Mesothelioma support scheme: next steps

This speech was published under the 2010 to 2015 Conservative and Liberal Democrat coalition government

Speech by Lord Freud, Minister for Welfare Reform.

Good morning.

I firstly want to say how important this meeting is today.

Agreeing a mesothelioma support scheme was a major break-through for the insurance industry, for the Government and most importantly for many of the victims of this terrible disease.

Both industry and government have failed to resolve the terrible situation that many victims of mesothelioma have faced.

People were sceptical that an agreement could be reached - so we should congratulate ourselves for this first major step.

That we have an agreement is an achievement.

But both the industry and the Government still have work to do.

We have started the process and we both now need to deliver.

The package of solutions we are working on will mean that people who, through no fault of their own, are forced to rely on a limited package of state benefits, will now receive a higher level of support and receive it quickly.

Although we are still working on the numbers we estimate that, over the first ten years of the scheme, around 3,000 people will receive in the order of £300 million in support.

We have ensured the support scheme sets the right balance between encouraging people to trace an employer or insurer and providing a level of payment to reflect the terrible nature of the disease.

I want to put on record my thanks to the ABI and the insurance industry for coming to the table to work with us to get this deal and their effort, time and enthusiasm in putting this together.

And also thank the teams involved for recognising the urgency of the matter to get this agreement in place as quickly as we did.

It was critical that we found a solution ahead of the forecast peak of deaths in 2015 and we have achieved that.
We worked hard to get the agreement reached in July so that we can have support for people from that date.
The agreement we have reached on funding the scheme, and working to put the Employers’ Liability Tracing Office on a statutory footing are major steps forward.
Before legislation, we will see real gains.
With 99 per cent of Employment Liability insurers taking part in the tracing office already, I hope to see strong results later this year showing more people than ever have been helped to find their employer’s insurer.

A system that provides speedy resolution will ease the major pressure that people face at an extremely stressful time in their life.

It was important to us that we worked collaboratively with the insurance industry. It was the best way to deliver a solution more quickly than by government acting unilaterally.

The negotiations were not always easy and went right to the wire but, by working with the insurance industry, we were able to forge an agreement that meets all our needs, that involves all the industry and puts us on a much stronger footing.

However, the hard work we put into the deal should only be seen as the first step. Now we need to make it happen.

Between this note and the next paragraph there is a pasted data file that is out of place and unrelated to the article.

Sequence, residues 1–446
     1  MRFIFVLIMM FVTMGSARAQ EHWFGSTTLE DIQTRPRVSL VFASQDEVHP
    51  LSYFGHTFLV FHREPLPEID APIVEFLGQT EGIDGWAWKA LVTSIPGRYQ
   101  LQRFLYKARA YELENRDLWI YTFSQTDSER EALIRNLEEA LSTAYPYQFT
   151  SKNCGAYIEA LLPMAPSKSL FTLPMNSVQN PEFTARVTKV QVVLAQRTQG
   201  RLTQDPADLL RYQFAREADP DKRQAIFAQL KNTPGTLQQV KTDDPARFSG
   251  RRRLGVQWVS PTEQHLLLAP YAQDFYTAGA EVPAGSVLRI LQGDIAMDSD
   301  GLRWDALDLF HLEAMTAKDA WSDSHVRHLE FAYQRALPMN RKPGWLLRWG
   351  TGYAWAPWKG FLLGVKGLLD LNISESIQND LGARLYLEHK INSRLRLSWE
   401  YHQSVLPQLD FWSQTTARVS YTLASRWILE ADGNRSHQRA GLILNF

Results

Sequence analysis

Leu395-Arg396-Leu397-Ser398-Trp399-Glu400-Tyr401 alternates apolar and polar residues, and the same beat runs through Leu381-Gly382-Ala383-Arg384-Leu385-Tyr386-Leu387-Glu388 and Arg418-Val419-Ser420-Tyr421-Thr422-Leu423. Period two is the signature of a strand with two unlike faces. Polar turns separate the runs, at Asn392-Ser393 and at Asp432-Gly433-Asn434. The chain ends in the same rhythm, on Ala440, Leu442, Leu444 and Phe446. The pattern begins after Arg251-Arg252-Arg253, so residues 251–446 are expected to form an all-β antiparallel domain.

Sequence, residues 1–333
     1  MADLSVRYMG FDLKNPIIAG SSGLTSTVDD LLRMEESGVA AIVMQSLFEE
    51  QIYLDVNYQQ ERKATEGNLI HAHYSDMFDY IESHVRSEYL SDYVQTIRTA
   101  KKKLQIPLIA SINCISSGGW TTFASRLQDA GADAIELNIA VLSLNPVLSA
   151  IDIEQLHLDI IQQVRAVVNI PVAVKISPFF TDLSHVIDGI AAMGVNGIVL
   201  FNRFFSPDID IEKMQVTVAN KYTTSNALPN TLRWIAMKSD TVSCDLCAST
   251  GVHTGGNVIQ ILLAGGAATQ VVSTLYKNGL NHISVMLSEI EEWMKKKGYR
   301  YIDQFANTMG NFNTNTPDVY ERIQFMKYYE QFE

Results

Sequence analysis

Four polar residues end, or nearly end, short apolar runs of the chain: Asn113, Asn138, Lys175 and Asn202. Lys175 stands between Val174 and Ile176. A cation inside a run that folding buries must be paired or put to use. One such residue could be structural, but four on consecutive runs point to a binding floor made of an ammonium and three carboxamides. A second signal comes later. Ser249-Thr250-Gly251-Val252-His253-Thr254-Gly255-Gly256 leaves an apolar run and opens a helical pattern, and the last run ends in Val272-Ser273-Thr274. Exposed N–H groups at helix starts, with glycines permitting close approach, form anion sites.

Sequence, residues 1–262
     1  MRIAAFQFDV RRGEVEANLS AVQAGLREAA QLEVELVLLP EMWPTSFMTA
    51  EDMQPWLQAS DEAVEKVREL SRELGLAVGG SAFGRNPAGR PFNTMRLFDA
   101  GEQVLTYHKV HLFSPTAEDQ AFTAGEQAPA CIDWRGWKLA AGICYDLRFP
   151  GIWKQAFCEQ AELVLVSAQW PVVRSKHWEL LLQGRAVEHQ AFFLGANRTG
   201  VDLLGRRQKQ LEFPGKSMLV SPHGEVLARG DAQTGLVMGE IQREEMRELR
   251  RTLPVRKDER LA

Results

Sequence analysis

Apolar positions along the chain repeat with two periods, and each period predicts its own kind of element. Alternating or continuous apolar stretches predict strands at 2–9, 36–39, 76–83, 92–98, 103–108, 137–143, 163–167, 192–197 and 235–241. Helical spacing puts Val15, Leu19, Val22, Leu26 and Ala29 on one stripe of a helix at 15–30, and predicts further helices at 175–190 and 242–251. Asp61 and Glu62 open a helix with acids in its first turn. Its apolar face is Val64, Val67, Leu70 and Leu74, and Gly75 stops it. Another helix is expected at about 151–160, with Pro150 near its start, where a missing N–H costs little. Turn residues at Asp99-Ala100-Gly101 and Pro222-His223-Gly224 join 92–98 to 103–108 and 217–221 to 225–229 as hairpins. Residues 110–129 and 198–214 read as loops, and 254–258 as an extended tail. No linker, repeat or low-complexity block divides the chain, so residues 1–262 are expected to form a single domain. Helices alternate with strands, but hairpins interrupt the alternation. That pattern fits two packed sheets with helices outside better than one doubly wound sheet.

I hope these meetings can keep the momentum going - both on Government, as we get the necessary legislation through parliament to establish the scheme, but also on the insurance industry.

On our side, I want to be absolutely clear that we will resist any pressure to widen the scope of the scheme.

What we have in place is the best solution for getting support quickly to a distinct group who are facing a terrible, terminal, illness and we will stand by it.

As you are no doubt aware the Ministry of Justice is also playing its part.

I have spoken with the new Secretary of State at the Ministry of Justice, the new Lord Chancellor Chris Grayling, about the package of measures in the justice system that will support victims alongside the new scheme.

I know that officials in MoJ are working to streamline the process of bringing a claim for mesothelioma, and that the Master of the Rolls and the Civil Justice Council are looking at proposals for a new mesothelioma specific pre-action protocol to accelerate the pre-litigation process for mesothelioma claims.

Also the review of measures in the Legal Aid Sentencing and Punishment Act should not be seen as a blockage to our work.

The amendment that was put forward by Lord Alton was quite rightly designed to provide safeguards to ensure the Government honoured its commitment to provide support for mesothelioma sufferers. The review that it requires will be taken forward at the appropriate time in line with the work we are doing and supports our work.

Overall the MOJ work will help to both cut the costs of civil litigation for victims and ease the process for them.

But there is still considerable work ahead of us.

The work on the Employers’ Liability Tracing Office and the establishment of a single online claims portal remain a major priority.

Streamlining the process to allow people to seek compensation and support more quickly will be a great step forward.

Families that are facing mesothelioma do not want to have the final months with their loved ones blighted by a fight with bureaucracy. They want the support they are rightly eligible for, paid without needless hurdles.

And we must press ahead to get the legislation we need to make this scheme operational onto the statute book.

But it is clearly in all of our interests to get those payments flowing as soon as possible, to get money into the hands of those who need it, and to minimise the build-up of cases the scheme has to deal with when it is launched.

To conclude, while major strides have been made there is clearly more to be done.

I hope the work here today will continue that process so we can build on our efforts and deliver.

But throughout this process, we need to keep the reason for all this hard work at the front of our minds; to ensure people receive support they deserve.